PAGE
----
Enough of that. Another part of spelunking and exploring in general is the potential for real danger or repercussions. In the case of urban exploration, the danger lies at the intersection of urban chemical processes (deadly gases), geologic and weather events (rain and ground water swells), the legal system, and transportation to name a few. This week, I will be attending a meetUp for Cavers in the Lower East Side and I will be conducting an interview with Steve Duncan, and urban explorer.

These observations from research are helping me develop a lens through which to critically evaluate my project work. The primary guiding questions that I can ask myself:
How does this iteration expose connections to broader systems?
How does this design manage forces that seek to stop it’s implementation?

I’m moving forward with a couple concepts. One is development of the interior architectural spelunking elements. I’m interested in investigating how these elements can reorient the body’s relationship with built space and observing the kinds of questions that arise about usability, function, exclusion, safety, and aesthetics. [INSERT PHOTOS] The other concept that I would like to investigate more is the idea of developing prototypes for devices that enable urban explorers to more easily explore, document, share, and subvert danger. These could be simple sensor based devices that monitor water levels in distant sewer regions, or devices that provide counter-surveillance to watch for cops and trains.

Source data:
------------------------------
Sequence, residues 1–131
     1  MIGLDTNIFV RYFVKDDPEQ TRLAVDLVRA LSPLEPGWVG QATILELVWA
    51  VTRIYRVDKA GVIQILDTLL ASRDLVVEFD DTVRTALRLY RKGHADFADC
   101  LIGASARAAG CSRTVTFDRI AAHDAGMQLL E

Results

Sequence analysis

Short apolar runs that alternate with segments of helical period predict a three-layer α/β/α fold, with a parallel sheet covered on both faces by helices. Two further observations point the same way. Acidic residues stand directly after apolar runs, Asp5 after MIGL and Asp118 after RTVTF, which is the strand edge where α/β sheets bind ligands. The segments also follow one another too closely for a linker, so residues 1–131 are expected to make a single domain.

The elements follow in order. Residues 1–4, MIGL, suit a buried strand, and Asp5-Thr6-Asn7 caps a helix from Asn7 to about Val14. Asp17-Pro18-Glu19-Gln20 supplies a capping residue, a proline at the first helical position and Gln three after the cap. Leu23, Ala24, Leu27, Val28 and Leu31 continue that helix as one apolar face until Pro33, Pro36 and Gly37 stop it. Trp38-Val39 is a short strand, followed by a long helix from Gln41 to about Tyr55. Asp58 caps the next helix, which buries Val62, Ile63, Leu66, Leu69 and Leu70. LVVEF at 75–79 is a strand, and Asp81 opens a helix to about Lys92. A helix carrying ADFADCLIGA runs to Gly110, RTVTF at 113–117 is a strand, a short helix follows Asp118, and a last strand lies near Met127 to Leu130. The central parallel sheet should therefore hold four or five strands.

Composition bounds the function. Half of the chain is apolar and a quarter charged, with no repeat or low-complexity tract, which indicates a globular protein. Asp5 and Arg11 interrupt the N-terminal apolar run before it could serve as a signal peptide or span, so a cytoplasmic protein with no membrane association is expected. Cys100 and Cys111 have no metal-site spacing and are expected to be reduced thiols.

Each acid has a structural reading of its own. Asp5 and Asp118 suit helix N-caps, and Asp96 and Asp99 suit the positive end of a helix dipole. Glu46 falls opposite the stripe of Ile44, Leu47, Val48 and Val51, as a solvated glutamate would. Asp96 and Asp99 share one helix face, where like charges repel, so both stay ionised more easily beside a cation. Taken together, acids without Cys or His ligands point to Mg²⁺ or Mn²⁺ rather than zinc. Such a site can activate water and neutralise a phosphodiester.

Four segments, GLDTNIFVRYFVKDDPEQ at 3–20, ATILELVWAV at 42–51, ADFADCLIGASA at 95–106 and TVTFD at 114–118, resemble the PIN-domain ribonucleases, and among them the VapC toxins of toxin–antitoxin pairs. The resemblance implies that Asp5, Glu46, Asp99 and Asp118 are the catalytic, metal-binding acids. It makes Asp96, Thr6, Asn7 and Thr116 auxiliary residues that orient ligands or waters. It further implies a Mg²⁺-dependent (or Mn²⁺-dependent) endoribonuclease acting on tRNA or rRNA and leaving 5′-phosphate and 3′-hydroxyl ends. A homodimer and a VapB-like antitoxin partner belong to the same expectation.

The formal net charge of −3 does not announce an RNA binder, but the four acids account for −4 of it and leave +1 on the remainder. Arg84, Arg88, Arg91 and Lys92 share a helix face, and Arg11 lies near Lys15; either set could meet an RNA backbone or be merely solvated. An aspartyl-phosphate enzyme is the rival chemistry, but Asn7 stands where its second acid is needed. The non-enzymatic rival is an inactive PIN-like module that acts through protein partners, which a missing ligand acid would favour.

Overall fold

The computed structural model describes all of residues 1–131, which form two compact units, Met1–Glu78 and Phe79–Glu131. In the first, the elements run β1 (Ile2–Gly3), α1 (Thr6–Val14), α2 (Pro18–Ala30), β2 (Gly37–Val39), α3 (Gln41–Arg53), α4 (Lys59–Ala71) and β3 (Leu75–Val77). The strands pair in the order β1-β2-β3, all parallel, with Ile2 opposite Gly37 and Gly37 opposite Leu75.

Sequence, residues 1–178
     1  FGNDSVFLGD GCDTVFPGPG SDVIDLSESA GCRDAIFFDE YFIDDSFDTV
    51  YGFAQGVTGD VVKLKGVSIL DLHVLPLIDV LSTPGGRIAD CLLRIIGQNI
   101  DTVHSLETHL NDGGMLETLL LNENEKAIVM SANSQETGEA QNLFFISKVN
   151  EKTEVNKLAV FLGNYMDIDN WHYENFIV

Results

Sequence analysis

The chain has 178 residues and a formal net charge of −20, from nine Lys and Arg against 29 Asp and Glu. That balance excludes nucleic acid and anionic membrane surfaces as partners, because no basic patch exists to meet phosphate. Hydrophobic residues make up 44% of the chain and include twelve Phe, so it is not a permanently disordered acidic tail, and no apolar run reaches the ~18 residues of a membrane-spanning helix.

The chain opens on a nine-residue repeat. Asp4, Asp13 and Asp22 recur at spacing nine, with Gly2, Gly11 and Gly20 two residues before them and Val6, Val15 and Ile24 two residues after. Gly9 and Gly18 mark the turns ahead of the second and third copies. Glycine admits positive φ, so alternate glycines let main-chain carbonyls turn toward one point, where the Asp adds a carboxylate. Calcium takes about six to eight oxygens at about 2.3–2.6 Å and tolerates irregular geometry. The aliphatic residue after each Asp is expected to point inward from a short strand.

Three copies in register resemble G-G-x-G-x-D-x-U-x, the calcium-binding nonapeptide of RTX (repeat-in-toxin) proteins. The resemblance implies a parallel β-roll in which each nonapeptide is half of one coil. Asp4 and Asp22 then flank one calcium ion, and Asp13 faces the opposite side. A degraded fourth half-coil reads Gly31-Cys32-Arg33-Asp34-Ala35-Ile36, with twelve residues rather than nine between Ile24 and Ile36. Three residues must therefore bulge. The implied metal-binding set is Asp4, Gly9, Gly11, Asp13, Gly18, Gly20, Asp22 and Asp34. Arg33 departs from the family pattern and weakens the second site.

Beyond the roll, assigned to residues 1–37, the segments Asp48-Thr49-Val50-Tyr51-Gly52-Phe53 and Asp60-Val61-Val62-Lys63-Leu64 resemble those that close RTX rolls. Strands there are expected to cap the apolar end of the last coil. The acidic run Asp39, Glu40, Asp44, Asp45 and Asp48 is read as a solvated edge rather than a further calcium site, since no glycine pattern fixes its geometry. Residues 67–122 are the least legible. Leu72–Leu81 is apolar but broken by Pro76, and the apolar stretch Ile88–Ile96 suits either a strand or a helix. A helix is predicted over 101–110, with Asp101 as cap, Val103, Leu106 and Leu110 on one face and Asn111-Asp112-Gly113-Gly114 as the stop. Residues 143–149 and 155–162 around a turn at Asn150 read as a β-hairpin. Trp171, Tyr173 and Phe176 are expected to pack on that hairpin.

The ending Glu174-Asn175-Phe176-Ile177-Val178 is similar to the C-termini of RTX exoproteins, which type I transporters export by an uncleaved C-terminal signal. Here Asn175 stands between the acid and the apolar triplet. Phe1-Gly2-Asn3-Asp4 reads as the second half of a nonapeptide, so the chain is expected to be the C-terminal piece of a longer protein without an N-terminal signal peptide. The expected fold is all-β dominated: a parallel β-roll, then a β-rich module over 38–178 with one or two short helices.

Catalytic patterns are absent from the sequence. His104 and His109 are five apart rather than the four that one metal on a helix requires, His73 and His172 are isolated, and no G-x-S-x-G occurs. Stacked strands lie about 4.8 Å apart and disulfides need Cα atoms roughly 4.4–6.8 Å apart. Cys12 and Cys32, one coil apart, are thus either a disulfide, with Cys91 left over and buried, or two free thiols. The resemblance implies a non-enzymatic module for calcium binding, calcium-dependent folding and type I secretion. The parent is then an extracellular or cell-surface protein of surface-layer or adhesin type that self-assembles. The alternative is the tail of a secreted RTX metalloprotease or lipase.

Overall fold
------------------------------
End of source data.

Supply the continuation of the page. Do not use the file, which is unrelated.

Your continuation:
Temporary Expert 02 : Building a Taxonomy and Crafting a Call for Spelunking

spelunkingMapSpelunking. Huh? What is that?

Shortly after asking the question, I learned that an equally important question might be “What is it not?”, because it’s certainly not the same thing as “caving”. More on that later.

With a subject as unfamiliar to me as spelunking, I began by identifying a few questions that I need to answer:
What the hell is it?
Where does it happen?
What kind of equipment does it require?
Who does it?

From these questions I was able to generate a series of sub-questions and start to reveal interdependencies and outside connections. I will be focusing on several of these questions to serve as a genesis for my exploration.